On Jan. 20, suspected herdsmen invaded Torok village in Riyom County and killed a 25-year-old COCIN member named Reuben Bulus. Two days before Bulus’ death, 13 COCIN members were killed in the Plateau village of Kulben in Mangu County.

On Jan. 1 in Riyom, COCIN member Ngam Stephen Dachung was said to have been killed by suspected herdsmen. 

The United Kingdom-based nongovernmental organization Humanitarian Aid Relief Trust estimated in a report that at least 1,000 Christians in Nigeria were killed in 2019 by suspected Fulani herdsmen or Boko Haram militants. Further, the NGO also estimates that about 6,000 Christians have been killed since 2015, and as many as 12,000 displaced from their villages.

Human rights activists have long called on the Nigerian federal government to take greater action to halt the escalating violence taking place in Nigeria. Advocates for Christian farming communities have argued that the government has done very little to protect their communities from the rise of deadly violence. 

In December, the U.S. State Department listed Nigeria for the first time on its “special watch list” for countries that engage in or tolerate severe violations of religious freedom because of the lack of effective government response to the increasing violence. 

As the U.S. is hosting Nigerian government officials for the fifth U.S.-Nigeria Bi-National Commission meeting in Washington, D.C., this week, Secretary of State Mike Pompeo was urged to pressure Nigerian officials about why no protection is being provided for vulnerable communities.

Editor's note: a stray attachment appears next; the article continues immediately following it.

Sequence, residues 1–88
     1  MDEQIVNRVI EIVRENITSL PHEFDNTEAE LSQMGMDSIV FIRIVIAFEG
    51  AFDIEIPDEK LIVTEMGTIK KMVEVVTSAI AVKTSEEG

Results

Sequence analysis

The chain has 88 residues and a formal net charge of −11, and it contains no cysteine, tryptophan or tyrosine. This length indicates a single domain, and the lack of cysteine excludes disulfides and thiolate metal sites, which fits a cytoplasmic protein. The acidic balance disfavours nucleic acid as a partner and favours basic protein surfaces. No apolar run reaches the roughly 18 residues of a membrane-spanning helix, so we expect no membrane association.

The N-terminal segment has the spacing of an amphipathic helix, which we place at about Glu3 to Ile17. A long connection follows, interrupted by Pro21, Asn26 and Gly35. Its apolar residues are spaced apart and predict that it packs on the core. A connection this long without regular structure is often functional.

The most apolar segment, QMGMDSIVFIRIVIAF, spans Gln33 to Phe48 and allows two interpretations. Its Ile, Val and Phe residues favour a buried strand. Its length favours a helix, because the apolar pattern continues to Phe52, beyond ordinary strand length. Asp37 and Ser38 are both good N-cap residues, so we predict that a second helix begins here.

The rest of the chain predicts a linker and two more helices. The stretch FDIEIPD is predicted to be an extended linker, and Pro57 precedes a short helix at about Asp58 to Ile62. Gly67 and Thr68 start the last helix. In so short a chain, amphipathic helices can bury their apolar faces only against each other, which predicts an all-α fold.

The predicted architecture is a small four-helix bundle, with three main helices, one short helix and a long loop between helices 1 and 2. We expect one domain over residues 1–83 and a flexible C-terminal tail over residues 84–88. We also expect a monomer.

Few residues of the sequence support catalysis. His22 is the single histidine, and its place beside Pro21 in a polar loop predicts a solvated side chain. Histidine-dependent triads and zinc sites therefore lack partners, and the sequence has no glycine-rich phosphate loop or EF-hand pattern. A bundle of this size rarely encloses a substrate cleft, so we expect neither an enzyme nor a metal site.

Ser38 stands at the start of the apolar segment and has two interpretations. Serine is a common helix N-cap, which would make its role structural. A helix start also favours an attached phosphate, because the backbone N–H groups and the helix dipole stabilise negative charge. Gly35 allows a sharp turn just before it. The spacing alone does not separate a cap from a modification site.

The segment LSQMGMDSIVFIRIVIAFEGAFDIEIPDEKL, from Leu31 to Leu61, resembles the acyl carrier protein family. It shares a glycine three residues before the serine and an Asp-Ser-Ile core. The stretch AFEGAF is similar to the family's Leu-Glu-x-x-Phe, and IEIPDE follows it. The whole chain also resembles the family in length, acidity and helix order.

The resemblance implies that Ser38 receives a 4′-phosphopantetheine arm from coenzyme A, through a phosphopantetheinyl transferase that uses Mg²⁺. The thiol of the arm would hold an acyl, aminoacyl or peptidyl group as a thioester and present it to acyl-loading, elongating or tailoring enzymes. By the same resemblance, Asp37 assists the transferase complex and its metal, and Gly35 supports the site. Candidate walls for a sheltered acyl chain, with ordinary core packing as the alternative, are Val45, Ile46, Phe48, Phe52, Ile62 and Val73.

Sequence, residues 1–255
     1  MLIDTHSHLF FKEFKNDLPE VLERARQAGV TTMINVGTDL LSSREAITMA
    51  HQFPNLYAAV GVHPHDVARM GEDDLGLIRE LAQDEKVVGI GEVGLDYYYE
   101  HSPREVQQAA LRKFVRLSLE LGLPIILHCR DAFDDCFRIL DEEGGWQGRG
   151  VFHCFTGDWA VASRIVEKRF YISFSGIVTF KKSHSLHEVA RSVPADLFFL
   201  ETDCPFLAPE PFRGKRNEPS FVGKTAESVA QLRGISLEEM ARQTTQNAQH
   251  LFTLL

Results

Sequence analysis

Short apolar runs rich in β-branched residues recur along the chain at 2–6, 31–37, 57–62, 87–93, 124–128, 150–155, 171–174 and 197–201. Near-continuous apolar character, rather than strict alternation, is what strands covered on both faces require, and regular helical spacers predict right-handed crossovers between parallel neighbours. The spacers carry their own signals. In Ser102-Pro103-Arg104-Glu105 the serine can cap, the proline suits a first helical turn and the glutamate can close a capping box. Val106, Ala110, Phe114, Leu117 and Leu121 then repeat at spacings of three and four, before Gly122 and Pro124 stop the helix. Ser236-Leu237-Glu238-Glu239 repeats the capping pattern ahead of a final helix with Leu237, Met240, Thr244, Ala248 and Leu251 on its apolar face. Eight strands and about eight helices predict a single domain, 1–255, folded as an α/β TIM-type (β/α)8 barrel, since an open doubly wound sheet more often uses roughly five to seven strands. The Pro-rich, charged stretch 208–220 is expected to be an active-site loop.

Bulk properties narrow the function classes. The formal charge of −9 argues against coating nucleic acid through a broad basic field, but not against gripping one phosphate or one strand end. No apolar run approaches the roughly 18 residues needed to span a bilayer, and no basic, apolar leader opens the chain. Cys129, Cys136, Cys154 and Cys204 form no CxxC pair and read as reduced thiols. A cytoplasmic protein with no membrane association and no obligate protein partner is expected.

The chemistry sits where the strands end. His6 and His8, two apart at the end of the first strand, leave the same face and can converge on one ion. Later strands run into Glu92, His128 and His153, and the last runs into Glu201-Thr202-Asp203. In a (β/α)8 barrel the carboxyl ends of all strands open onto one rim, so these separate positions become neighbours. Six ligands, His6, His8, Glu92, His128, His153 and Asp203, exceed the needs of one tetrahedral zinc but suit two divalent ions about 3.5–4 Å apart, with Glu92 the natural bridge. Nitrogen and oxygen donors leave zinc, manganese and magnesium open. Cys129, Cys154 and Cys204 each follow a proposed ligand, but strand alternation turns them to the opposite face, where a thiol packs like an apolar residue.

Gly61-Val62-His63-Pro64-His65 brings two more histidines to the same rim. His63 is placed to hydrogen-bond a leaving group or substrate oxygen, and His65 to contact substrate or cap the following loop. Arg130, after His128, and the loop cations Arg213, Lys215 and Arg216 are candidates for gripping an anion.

Over 50 religious and human rights leaders signed onto a Jan. 24 letter sent to Pompeo asking him to put religious persecution on the agenda for the Bi-National Commission meetings on Monday and Tuesday this week.  

The letter, a copy of which was obtained by The Christian Post, called for the U.S. to create a “special session” at the meeting this week allowing members of the International Religious Freedom Roundtable to have a dialogue with the Nigerian government.

“Despite your placement of Nigeria on the Watchlist of Persecuting Countries, the egregious killings of Christians continued to occur throughout the Christmas,” the letter states. “The execution of an abducted Christian Association of Nigeria (CAN) leader this week is just the latest from daily atrocities that have claimed over 100 lives since last month.”

Among the signatories to the letter are activists who participated in the State Department’s Ministerial on International Religious Freedom last July, including human rights lawyer and religious freedom activist Emmanuel Ogebe of the U.S. Nigeria Law Group.

The letter was also signed by human rights lawyer Anne Buwalda of the Jubilee Campaign. 

In July, the Jubilee Campaign told the International Criminal Court in the Hague, Netherlands, that the “standard for genocide” has been reached as it relates to the massacres of Christian communities in Nigeria by Fulani militants and Boko Haram. 

“The situation has altered considerably and the reality is quite different from 2016,” the Jubilee Campaign report adds. “Caution is warranted in prescribing guilt to any group but in view of the evidence aggregated, the situation can no longer be called clashes when a group of over 200 raid a Christian village and kill civilians in the early morning hours while they are sleeping. The ICC in their ongoing surveillance of Nigeria should update their information for the record.” 

Nigeria ranks as the 12th worst country in the world when it comes to Christian persecution on Open Doors USA’s 2020 World Watch List. 

Follow Samuel Smith on Twitter: @IamSamSmith

or Facebook: SamuelSmithCP